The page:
In the continuation of the reading, Moses forbade Israelites to have alternate weights or measures, larger and smaller, and required them to have completely honest weights and measures.[87] The long first open portion (‎, petuchah) ends here.[88]

Parashat Zachor

The maftir () as it appears in a Torah scroll

In the maftir (‎) reading of Deuteronomy 25:17-19 that concludes the parashah,[89] Moses enjoined the Israelites to remember what the Amalekites did to them on their journey, after they left Egypt, surprising them and cutting down all the stragglers at their rear.[90] The Israelites were enjoined never to forget to blot out the memory of Amalek from under heaven.[91] The second open portion (‎, petuchah) ends here with the end of the parashah.[92] This maftir is always read on the Sabbath that comes before Purim.

Readings according to the triennial cycle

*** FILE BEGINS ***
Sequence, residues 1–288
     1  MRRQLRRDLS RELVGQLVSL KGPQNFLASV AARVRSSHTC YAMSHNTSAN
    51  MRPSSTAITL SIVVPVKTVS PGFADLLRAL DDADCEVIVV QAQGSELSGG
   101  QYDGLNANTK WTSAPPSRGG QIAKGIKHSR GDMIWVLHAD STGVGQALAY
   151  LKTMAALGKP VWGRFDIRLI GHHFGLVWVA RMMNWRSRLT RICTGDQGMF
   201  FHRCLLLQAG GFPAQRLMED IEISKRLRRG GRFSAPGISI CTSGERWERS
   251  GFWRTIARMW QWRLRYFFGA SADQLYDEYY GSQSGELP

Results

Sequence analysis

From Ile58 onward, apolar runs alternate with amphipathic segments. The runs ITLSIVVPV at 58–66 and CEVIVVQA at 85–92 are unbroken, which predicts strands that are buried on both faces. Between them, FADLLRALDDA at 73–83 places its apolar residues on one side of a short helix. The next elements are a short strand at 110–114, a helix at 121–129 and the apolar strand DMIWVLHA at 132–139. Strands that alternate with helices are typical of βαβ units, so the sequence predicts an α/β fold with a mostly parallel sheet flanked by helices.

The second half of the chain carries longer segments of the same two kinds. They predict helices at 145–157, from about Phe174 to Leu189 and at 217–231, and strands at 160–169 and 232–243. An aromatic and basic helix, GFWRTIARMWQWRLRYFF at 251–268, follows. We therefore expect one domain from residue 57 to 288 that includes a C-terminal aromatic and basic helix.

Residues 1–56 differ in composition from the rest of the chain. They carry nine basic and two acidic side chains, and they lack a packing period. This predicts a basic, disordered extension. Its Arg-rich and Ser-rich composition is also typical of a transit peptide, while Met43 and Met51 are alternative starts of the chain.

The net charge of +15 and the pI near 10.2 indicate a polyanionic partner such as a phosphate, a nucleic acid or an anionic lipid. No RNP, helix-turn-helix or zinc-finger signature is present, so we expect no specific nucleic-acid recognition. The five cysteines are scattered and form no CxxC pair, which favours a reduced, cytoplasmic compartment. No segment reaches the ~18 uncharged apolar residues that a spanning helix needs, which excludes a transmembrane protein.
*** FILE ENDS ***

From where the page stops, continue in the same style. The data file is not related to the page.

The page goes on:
Jews who read the Torah according to the triennial cycle of Torah reading read the parashah according to the following schedule:[93]

Year 1 Year 2 Year 3
2020, 2023, 2026 . . . 2021, 2024, 2027 . . . 2022, 2025, 2028 . . .
Reading 21:10-23:7 23:8-24:13 24:14-25:19
1 21:10-14 23:8-12 24:14-16
2 21:15-17 23:13-15 24:17-19
3 21:18-21 23:16-19 24:20-22
4 21:22-22:7 23:20-24 25:1-4
5 22:8-12 23:25-24:4 25:5-10
6 22:13-29 24:5-9 25:11-16
7 23:1-7 24:10-13 25:17-19
Maftir 23:4-7 24:10-13 25:17-19
Hammurabi

In ancient parallels

The parashah has parallels in these ancient sources:

Deuteronomy chapter 25